Mysteries, that is, the Christian Mysteries. Although the school was essentially closed in 529 CE by
the Roman Emperor Justinian (because he despised all pagan mysteries),xviii its writings were well
respected and continued to be used. The authenticity of “the Dionysian writings and their mystical
teaching were universally accepted throughout the Christian East. St. Gregory Palamas (1296-1359
CE) in referring to these writings calls the author ‘an unerring beholder of divine things’.”xix Emperor
Justinian was effective in destroying the books and temples related to the Mysteries and permanently
separating them from Christianity’s evolving theology. Leonardo’s teachers taught of the wholeness of
the Mysteries. Could they foresee that theology and philosophy would follow science into materialism?
Fundamental to Greek philosophy was the relationship of the 4-fold human to the 4-foldness of Nature
and its 4 elements. These are respectively:
 physical body, life body, sentient aka astral body, and body for the ego
 mineral, plant, animal, and human
 earth, water, air, and fire.
Leonardo’s teachers, Ficino and Argyropoulos, would have taught that the human is a microcosm of
the macrocosm and that each person is composed of Earth, Water, Air, and Fire. These elements
represent the physical body, the life body, the sentient body, and the ego. We will see how Leonardo
uses this philosophy in his painting.
Now, with this foundation, we can approach another Mystery stream active at this time, namely the
Kabbalah in which there was the expectation of two Messiahs. We shall see how in the Gospels of
Luke and Matthew, this prophecy is fulfilled and how Leonardo attempts to depict this in his painting.
The Prophecy of Two Messiahs
Zohar Books
In the Jewish Kabalistic traditions, the Zohar books contain reference to Two Messiahs. Although an
oral tradition for centuries, the Zohar books first appeared in Spain in the 13th century and within fifty
years it was being quoted by many Kabbalists, including the early 14th Century Italian writer Menahem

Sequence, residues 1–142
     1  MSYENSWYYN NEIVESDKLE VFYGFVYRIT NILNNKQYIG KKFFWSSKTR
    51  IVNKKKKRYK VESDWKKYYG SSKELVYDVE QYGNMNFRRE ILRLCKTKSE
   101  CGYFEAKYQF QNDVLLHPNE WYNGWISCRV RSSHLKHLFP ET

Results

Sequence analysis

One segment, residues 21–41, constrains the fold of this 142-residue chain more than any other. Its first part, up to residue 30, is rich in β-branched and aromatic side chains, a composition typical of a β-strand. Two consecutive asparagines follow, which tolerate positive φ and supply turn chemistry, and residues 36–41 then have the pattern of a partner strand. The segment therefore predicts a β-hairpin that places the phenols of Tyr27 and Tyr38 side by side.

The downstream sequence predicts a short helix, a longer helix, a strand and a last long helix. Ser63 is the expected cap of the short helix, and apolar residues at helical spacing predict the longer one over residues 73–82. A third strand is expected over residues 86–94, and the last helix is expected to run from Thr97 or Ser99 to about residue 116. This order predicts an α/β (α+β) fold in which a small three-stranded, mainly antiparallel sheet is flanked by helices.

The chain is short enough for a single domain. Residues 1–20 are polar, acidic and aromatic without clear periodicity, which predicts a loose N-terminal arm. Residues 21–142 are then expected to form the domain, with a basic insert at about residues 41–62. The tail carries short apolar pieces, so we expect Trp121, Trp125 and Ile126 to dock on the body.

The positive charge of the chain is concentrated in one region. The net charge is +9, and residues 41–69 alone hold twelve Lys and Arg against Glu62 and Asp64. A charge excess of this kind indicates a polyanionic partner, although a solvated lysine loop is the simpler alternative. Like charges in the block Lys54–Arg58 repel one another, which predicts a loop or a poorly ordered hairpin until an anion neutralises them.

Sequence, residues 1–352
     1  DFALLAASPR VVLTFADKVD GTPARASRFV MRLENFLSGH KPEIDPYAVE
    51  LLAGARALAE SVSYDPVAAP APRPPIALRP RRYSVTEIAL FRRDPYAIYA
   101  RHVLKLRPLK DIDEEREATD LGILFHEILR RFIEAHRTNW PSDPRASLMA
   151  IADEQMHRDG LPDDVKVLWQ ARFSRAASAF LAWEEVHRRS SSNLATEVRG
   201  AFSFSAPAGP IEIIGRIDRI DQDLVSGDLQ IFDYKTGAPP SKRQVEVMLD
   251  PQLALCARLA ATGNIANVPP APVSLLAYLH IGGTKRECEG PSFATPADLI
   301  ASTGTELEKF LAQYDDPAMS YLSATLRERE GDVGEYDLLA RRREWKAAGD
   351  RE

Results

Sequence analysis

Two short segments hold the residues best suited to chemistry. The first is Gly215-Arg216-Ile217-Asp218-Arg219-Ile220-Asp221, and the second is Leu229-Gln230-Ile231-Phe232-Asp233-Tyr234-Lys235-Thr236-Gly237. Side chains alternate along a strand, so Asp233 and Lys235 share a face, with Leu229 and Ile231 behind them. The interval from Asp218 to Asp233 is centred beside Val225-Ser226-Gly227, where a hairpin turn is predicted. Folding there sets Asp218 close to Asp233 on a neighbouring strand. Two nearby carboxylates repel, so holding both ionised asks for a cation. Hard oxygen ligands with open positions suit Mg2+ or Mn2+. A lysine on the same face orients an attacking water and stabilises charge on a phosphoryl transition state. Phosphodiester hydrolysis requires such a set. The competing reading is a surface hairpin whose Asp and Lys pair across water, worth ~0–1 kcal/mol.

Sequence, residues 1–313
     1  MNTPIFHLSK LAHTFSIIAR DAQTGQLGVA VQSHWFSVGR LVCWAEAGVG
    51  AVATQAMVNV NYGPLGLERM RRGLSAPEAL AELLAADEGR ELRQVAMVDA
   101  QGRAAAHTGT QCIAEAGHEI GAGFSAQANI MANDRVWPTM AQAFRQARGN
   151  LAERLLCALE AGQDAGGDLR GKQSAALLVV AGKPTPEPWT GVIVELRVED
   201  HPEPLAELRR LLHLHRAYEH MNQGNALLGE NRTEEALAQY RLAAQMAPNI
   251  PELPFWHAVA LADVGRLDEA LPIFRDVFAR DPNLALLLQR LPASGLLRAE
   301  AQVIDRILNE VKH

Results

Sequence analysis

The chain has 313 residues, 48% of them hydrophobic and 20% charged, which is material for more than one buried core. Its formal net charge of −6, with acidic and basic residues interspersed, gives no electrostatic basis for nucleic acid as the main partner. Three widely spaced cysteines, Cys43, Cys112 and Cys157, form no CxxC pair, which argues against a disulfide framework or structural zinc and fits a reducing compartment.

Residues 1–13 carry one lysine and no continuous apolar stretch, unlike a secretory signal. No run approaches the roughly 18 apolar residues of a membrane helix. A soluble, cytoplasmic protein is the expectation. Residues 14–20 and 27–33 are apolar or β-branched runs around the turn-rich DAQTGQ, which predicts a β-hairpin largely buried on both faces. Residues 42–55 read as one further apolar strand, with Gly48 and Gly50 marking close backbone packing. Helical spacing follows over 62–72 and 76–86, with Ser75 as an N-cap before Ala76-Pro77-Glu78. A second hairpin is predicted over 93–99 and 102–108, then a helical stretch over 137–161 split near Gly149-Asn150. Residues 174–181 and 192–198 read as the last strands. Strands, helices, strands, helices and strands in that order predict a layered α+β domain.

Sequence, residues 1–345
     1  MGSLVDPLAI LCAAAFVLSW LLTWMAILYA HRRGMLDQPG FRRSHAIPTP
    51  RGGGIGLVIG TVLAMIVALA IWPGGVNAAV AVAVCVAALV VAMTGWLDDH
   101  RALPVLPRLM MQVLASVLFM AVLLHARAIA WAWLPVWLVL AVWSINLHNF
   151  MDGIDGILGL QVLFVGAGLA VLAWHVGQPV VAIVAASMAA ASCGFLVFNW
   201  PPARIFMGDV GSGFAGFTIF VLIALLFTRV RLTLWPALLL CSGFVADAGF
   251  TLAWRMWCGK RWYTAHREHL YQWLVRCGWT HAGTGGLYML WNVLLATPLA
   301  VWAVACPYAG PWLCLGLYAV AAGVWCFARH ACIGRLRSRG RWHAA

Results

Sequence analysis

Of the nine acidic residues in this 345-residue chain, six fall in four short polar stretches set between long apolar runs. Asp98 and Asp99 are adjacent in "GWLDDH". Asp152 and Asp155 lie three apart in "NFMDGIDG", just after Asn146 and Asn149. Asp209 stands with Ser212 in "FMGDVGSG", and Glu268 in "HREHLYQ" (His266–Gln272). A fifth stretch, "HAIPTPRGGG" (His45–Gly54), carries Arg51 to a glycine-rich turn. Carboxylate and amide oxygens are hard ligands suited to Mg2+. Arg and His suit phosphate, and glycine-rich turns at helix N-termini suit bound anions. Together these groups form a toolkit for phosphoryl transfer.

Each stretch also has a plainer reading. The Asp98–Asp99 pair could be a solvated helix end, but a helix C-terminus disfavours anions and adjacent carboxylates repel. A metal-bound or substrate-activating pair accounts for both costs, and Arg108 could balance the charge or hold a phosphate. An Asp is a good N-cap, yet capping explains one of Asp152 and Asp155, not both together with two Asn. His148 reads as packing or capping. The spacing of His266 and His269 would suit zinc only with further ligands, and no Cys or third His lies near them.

Recanati whose mystical work includes Perush 'Al ha-Torah (published in Venice in 1523) most
certainly were read within the circles of the learned of Florence in Leonardo’s time. In the Zohar we
find "The Messiah, which is the Son of Joseph will be made one with [the other Messiah] the Son of
David, but he will be killed.” And later, “Another Messiah, the son of Joseph, will unite himself with
the Messiah, the son of David. But the son of Joseph will not remain in life; he will be killed and will
become alive again, when the little hill receives life upon the great hill."
Dead Sea Scrolls
The Dead Sea Scrolls were first discovered in 1947 with more found through 1979 in eleven caves in
and around the ancient Essene settlement called Qumran. The dates when the Dead Sea Scrolls were
being written was ascertained to have started around 150 BCE and continued until the Roman army
dispersed the Essenes in 70 CE, a period of 220 years. During those years 872 scrolls were written in
Hebrew and Aramaic by the Essene initiates of Qumran. The time of Jesus is normally thought to be
between 0 and 33 CE but historians have placed this as early as 6 BCE. We know that the Great
Temple of the Jews in Jerusalem was destroyed by the Roman army in 70 CE after a Jewish revolt.
Apparently the scrolls were hidden in caves when the Essenes were warned that this army was
marching to Qumran to destroy them as well.
These scrolls reveal that two messiahs had either been expected or experienced. One was to be of a
priestly lineage and one of a kingly. “Its members [Essenes of Qumran] were looking forward to a
'Messiah of Israel' and a 'Messiah of David', who resemble the priestly and kingly descendants.”xx One
of the documents called the Damascus Document says "The Messiah, which is the Son of Joseph will
be made one with the Son of David, but he will be killed..." [my italics].
We also find, in Manuscript A, Fragment 3 of 4Q286-287 (scroll entitled “The Chariots of Glory”),
that some time after the two have been made into one that “the Holy Spirit will settle upon His
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Messiah.”xxi This passage compares to Isaiah 11:2 “The Spirit of the Lord would settle on Him” and to
John 1:32-33 “I saw the Spirit come down from heaven as a dove and remain on him. I would not have
known him [his cousin] except that the one who sent me to baptize with water told me, ‘The man on
whom you see the Spirit come down and remain is he who will baptize with the Holy Spirit.’” Keep in
mind this change in Jesus’ entelechy when pondering the significance that the Baptism had to those
called Heretics and upon Leonardo and his students.
Old Testament
These passages of the Dead Sea Scrolls reopened a debate about the meaning of this passage from
Ezekiel 37, “The word of the Lord came again unto me, saying, moreover, thou Son of Man, take thee
one stick, and write upon it, for Judah, and for the children of Israel his companions. Then take another